I had a strong finish to my heavy training and will work to keep it going right through the finish line.  This week’s last long long run was 21 miles.  My goal was to run 8 easy miles, 10 at marathon pace and 3 more easy.  It didn’t go quite as planned.  It went better!  The easy 8 went off without a hitch and when I went to pick it up 15 seconds a mile, I couldn’t.  Instead of settling in at my goal marathon pace, 7:55, I found 7:45.  I was very comfortable there despite telling myself to slow down every ten seconds.

When one of my half mile splits around Mile 16 was 7:36 I thought I was done for.  I felt good but was waiting for things to turn south.  They never did!  I cruised through those 10 miles at a hair too fast a pace but had a strong finish and felt great.  Maybe my marathon pace isn’t 7:55 after all.  I’ve struggled to find it throughout training, instead finding a slightly faster or little bit slower pace more comfortable.

No matter what, it’s taper time and I have three weeks to nail down my pacing plan.  I can’t wait for race day to see what I can do.

Meredith

What do you do at taper time?  What if you’re running ‘too fast’ but feel good?

Fit Friday: Love Your Treadmill

I’m not sure why so many runners dread the treadmill.  More affectionately known as the dreadmill, this is one piece of equipment I can 100% get behind.  While it does have its downfalls, the treadmill is a great friend to a runner and I wish it didn’t get such a bad rap.  Even though I stare at a wall when I’m on mine, here are treadmillfour great reasons to give running in place a little more love.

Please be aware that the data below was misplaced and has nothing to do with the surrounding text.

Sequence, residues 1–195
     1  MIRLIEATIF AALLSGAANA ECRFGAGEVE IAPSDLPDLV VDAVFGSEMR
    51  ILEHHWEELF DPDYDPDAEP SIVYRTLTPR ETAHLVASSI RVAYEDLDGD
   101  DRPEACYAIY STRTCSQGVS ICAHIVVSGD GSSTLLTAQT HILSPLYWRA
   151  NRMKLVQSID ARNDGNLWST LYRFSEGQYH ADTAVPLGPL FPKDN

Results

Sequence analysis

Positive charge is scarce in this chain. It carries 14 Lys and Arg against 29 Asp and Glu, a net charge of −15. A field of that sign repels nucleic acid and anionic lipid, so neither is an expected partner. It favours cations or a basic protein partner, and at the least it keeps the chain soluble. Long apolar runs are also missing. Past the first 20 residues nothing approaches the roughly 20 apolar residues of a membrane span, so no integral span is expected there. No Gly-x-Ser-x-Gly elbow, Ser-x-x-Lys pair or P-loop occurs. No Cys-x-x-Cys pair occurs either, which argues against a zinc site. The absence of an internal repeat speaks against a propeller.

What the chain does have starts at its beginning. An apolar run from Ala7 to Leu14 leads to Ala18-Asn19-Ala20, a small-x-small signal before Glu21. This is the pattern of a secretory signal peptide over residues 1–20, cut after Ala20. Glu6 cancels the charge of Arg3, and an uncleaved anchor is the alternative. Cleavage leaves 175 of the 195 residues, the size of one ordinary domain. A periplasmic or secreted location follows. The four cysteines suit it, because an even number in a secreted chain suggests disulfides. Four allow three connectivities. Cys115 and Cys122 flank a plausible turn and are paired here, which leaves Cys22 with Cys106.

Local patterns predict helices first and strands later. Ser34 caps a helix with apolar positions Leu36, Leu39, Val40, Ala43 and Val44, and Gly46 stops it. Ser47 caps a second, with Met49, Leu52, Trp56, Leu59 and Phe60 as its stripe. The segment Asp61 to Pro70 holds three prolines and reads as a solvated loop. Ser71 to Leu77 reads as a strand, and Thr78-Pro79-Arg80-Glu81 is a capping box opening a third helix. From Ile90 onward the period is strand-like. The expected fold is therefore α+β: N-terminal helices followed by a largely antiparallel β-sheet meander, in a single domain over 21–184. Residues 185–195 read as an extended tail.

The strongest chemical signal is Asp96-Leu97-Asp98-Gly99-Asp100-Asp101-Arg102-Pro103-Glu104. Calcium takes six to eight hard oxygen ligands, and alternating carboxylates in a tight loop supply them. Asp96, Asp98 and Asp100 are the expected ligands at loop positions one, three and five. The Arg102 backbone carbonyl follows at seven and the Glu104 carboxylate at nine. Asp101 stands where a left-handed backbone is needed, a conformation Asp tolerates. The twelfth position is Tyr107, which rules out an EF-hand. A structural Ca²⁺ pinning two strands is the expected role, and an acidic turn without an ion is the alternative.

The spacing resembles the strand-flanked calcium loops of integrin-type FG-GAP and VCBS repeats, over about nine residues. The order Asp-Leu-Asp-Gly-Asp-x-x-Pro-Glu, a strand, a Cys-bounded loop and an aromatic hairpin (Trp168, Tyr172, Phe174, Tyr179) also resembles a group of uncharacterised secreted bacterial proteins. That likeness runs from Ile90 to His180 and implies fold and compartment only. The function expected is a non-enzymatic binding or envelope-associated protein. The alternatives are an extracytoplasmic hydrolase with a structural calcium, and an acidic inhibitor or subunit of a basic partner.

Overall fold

It’s always there.  No matter what’s going on outside the treadmill is ready.  Whether you’re facing 30 mile an hour winds and sub freezing temps like I avoided this week or 100 degree days with 90% humidity, it’s ready to go.  Feeling less than motivated?  Walking across the room is much easier than dressing up to go outside.  In a rush?  Not waiting for satellites definitely saves time.

Steady does it.  Set the pace and go.  It won’t change unless you tell it to.  Unlike running outside where crossing streets or catching sight of a pretty bird can distract and slow us down, the treadmill keeps us clicking along.  It’s easy to come off pace when we leave it to ourselves.  Not the case on the old ‘mill.  Use this training tool to practice pacing and have more success on race day.

Variety.  The treadmill can handle just about anything you throw at it.  From a long run to speed work, the only limit is your imagination.  It’s especially useful for those of us who live in the flatlands and want to hit some hills.

Rock out.  There are lots of safety issues outside.  From traffic and cyclists to dogs and potholes, the great outdoors can get dodgy quick.  Running with music is iffy at best and depends heavily on your location.  At home?  Turn that jam up.  You won’t have to worry about anything crashing into you, getting bitten or tripping on a root.

Meredith

What kind of relationship do you have with the treadmill?